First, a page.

Donny, Marie Bring Christmas Show To Detroit
Dearborn Press And Guide
by Gary Graff
November 28, 2011
If Christmas is a time to tell the truth, give Donny Osmond points for being self-aware.
As he prepares for special holiday shows with his younger sister Marie in Detroit and Chicago, he acknowledges that "with Donny and Marie doing a Christmas show, you really run the risk of having to pass out insulin shots at the end, you know?"
Osmond, 53, may be more Scrooge-like than some of his harshest critics, but he clearly knows what's expected from "Donny & Marie -- Christmas in Detroit." The Osmond family, after all, is known for wholesome pop hits and for holiday traditions that date back to the "Andy Williams Christmas" TV specials of the 60s, as well as its own "Osmond Family Christmas" shows. "We've painted ourselves into a tradition," Osmond notes.
And he doesn't think there's anything wrong with that.
"You know, as cheesy as one might think it may be, it's actually kind of cool," says the father of five and grandfather of three -- and winner of "Dancing With the Stars" in 2009 (Marie finished third in 2007). "When you get right down to it, what is Christmas? It's about family and niceties and things like this.
"But," he adds, "you've got to be careful about how you produce a show like this. You've got to be careful you don't put a lot of sugar on top. It's called 48 years of show business and trying to remove yourself from who you are and what you think the audience wants you to be -- although you know some people think they're going to get an 'Osmond Family Christmas' show of the 70s, and you've got to give them a little bit of that."
Still, Osmond says he and his sister -- who have been preparing the Christmas show while also performing their "Donny & Marie" residency at the MGM Grand in Las Vegas -- are planning to try something vastly different, and certainly less festive than what fans might expect.
"We're going to start off with Christmas music and lights and everything," Osmond reveals, "and then all of a sudden you're going to hear this chaos and the orchestra going flat and sharp and something going awry, and then (the audience) will be bombarded with all this band news -- the mercury in the fish and everything. It's a very risky way to start a Christmas show.
"But then Marie and I are going to come on and say, 'That's the world out there. But tonight, we're going to have a little bit of the Christmas spirit' and then we go into 'We Need a Little Christmas' and you bring the tree out the poinsettias and the dancers and everything starts to transform, and there's your Christmas show.
"But at least it knocks you over the head a little. There's some real problems in the world, but for two hours we're going to get away from it. That's what we want to do."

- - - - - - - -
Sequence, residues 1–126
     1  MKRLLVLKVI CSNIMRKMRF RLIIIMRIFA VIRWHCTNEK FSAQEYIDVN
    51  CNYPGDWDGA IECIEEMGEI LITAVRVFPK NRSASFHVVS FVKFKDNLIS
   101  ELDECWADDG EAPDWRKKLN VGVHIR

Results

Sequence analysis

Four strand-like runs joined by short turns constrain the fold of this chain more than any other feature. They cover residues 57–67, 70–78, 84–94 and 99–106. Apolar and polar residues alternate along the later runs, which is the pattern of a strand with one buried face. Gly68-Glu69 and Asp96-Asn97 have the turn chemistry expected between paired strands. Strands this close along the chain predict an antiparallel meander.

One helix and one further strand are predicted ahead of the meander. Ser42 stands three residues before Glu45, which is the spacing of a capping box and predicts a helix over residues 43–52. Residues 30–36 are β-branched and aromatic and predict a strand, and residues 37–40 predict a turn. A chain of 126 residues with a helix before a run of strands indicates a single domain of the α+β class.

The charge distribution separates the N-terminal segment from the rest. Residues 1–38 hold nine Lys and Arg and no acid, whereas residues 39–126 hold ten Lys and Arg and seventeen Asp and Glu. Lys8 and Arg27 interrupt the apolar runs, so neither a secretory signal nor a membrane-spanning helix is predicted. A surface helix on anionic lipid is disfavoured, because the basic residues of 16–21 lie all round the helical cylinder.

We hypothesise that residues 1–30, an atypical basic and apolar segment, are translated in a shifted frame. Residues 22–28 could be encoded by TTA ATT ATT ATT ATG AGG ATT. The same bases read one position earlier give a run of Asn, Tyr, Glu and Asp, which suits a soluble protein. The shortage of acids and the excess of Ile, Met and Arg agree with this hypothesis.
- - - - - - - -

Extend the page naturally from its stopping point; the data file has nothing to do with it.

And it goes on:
As for repertoire, Osmond says "pick a Christmas song and we're doing it, buddy" -- including a new song called "If Every Day Could Be Christmas" that's available at Osmond's web site. "It sounds like a classic," he says. "It sounds like something you've heard before, but it's a new song. When they played it for me I said, 'I gotta put that in the show!' "
There will be non-holiday material as well, Osmond says, including hits such as "Puppy Love" and "Paper Roses" and a multi-media recreation of the Osmond Brothers' 1971 hit "Yo-Yo" that includes footage from "The Flip Wilson Show" and updated choreography.
This year's Christmas production follows one the Osmonds staged last year on Broadway, though it's "an entirely new show," according to Donny. They hope to take it to other cities in future years, even if Osmond laments that "we're forfeiting a lot of traditions that we have as a family so we can be out there." He does, however, foresee a time when the duo's Las Vegas -- which is contracted through 2012 -- run will end, and Osmond hopes to "focus a little bit on a solo album.
And he's not complaining about their lot, either
"At the end of the day, the rehearsals, the efforts, the blood, sweat and tears -- it's all left backstage," he says. "When push comes to shove, you do a great show and you enjoy it. The curtain open up and you go out and have a great time, and so does the audience.
"What I love is when I look out there and you look at...particularly the guys. They're like, 'My wife dragged me here,' but at the end of the show, they're having a great time. That's the challenge; it's got to be a little bit of everything to where somebody can take away something they liked. That's what we're trying to do."